I’ve always loved reading the ancient writings of Greek mythology.
The stories have always fascinated me because they spoke so eloquently about the human condition of the time.
But what I find particularly interesting is how many of those ancient texts are still relevant to our current world.
One prominent and recurring theme in those ancient stories is the idea of hubris.
Hubris is seen as a character flaw in people of power when they become extremely arrogant and disconnect from reality. The ancient Greek writers and philosophers cautioned people to prevent themselves from succumbing to hubris.
Now, let’s fast forward a few thousand years to the present day, and this topic of hubris is as relevant as ever.
I believe it is a challenge that all leaders must manage – especially those who are extremely successful and yield great power.
The topic has also become important today because research from the field of neuroscience reveals that when one is consumed by power and falls victim to hubris, it may actually cause damage to one’s brain.
Neuroscientist Sukhvinder Obhi examined the brains of powerful and non-powerful people using a transcranial-magnetic-stimulation machine. He found that powerful people had an impairment of the “mirroring” process that neuroscience has identified as a “cornerstone of empathy.”
The article noted that this scientific data seemed to correspond very closely with anecdotal data collected by researchers such as Dacher Keltner, a psychologist at UC Berkeley. His research found that subjects with access to power “acted as if they had suffered a traumatic brain injury – becoming more impulsive, less risk-averse, and, crucially, less adept at seeing things from other people’s point of view.” That is to say, less empathetically.
It’s not hard to find examples ripped from the headlines and from my own experience working face-to-face with some very powerful leaders. It is not unusual at times for me to encounter leaders who seem unconcerned about the consequences of their actions, completely unaware that their worlds are disintegrating around them.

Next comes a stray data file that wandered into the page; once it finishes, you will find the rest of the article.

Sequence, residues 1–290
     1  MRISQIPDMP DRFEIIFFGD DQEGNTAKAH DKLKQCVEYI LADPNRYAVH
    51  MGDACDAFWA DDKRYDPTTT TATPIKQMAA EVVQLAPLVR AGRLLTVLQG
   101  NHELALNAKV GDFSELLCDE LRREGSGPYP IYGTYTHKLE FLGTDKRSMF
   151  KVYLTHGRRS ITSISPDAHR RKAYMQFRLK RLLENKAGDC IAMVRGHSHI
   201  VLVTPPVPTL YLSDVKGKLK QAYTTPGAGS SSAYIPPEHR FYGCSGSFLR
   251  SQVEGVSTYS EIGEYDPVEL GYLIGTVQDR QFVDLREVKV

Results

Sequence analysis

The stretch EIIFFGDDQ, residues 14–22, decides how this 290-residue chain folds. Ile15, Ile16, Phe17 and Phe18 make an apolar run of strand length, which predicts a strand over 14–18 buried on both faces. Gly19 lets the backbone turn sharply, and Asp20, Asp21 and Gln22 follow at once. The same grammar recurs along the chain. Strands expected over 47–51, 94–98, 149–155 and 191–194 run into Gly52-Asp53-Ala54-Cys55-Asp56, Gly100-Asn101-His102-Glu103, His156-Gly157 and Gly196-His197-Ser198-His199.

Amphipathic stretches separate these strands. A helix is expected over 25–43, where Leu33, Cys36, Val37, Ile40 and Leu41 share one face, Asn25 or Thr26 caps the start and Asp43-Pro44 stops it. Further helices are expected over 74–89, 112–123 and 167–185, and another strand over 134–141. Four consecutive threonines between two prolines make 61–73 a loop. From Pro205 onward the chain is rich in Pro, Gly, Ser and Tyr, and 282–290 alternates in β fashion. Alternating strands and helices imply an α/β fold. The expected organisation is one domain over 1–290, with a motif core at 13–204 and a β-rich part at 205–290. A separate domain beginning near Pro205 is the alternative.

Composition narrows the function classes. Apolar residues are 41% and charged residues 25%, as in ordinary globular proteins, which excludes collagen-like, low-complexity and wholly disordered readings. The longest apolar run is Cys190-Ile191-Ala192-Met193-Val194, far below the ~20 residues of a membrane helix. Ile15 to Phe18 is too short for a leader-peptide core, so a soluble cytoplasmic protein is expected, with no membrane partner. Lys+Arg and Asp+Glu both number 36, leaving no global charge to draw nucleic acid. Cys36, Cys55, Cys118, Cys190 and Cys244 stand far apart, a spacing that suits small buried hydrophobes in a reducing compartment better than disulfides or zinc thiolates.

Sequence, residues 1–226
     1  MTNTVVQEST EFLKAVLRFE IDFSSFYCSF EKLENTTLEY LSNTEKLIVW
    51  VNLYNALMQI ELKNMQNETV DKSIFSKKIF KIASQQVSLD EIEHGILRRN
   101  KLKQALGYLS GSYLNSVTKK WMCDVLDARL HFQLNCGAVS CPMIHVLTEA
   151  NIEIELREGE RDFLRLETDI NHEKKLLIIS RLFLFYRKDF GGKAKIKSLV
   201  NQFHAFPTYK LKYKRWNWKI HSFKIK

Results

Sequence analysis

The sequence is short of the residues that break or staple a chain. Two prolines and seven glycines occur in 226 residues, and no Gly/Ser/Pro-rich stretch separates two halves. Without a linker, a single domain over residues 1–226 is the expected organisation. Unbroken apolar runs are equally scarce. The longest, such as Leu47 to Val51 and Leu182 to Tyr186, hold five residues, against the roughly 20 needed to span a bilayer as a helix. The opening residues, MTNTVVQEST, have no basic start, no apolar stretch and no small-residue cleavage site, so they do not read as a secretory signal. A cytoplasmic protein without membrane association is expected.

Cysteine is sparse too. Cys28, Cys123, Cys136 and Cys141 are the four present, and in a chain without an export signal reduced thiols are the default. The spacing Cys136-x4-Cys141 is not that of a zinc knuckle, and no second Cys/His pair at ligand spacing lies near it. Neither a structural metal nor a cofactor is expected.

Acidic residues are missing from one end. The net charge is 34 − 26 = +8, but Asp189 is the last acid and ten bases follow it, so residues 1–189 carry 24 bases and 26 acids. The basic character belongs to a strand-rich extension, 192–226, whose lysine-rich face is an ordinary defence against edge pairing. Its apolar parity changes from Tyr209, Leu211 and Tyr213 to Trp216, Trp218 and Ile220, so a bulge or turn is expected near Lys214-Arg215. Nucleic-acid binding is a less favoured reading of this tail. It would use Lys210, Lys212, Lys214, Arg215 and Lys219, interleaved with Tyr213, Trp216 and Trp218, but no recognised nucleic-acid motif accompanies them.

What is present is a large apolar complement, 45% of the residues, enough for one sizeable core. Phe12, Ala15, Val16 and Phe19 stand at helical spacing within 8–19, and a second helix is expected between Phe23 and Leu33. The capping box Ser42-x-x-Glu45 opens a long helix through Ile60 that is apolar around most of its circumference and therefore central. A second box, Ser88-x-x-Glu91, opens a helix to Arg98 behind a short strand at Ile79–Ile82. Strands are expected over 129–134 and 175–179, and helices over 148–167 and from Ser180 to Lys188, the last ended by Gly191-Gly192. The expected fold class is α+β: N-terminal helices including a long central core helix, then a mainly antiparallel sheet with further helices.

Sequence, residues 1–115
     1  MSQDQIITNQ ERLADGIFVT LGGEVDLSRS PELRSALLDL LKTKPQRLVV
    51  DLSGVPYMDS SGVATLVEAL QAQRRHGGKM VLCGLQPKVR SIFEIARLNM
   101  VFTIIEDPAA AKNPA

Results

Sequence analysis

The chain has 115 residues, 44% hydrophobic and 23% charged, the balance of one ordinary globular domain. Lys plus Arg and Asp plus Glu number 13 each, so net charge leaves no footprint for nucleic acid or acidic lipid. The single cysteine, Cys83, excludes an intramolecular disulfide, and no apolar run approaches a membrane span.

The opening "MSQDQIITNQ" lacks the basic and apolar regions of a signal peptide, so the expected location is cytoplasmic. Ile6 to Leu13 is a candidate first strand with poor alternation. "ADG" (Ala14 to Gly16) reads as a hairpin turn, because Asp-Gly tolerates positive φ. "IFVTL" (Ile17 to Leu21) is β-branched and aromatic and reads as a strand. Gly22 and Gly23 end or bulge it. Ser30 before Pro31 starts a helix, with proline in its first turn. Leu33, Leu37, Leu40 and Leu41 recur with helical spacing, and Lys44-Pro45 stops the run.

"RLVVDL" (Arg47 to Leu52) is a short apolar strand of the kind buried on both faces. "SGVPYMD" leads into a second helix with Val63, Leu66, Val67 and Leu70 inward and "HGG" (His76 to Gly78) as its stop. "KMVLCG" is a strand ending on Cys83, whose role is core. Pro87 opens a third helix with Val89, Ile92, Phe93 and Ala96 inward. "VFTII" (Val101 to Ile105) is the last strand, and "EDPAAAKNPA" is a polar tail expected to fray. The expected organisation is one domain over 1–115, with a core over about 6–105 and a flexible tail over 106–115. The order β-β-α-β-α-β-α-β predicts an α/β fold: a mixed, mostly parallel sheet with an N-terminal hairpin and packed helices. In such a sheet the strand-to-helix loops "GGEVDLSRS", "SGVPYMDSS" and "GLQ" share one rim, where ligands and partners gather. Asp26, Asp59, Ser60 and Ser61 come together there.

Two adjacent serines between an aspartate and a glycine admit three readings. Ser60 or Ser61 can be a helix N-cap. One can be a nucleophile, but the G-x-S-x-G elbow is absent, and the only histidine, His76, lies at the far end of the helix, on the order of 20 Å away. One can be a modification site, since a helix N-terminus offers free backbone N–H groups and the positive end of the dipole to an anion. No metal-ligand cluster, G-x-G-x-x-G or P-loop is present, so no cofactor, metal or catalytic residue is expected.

Other researchers have fashioned a term for this condition: hubris syndrome.
The combination of all this study and data begs a critical question for all leaders: Are we destined to become victims of hubris syndrome the longer we enjoy success and increasing access to power?
I think there are things we can do to guard ourselves against this from happening. At the core, it begins with a leader’s natural capacity for maturity.
The most obvious recent example is from the leaked video of Uber CEO Travis Kalanick berating one of his drivers. Unfortunately for Kalanick, that video triggered a series of events leading to his own personal downfall.
So, how do leaders manage their power and avoid succumbing to a hubris syndrome? Here are a few ideas for you to consider.
Second, it’s helpful to surround yourself with people (either at work or at home) who have the courage to call you out when your arrogance starts getting the best of you. The Atlantic article shared a great anecdote from PepsiCo CEO Indra Nooyi about a conversation she had with her mother on the day she was promoted to the top rung of the C-suite. Her mother asked her before she celebrated her big news if she would go out and get some milk, a request that made Nooyi quite mad. “Leave that damn crown in the garage,” her mother admonished.
The fact that Nooyi still tells that story says a lot about having people in your life who keep you in check. It’s a reminder that you are never too powerful nor too important to make a contribution to the most menial of tasks, both at home and at work.
This week’s gut check question asks: Have you succumbed to hubris?
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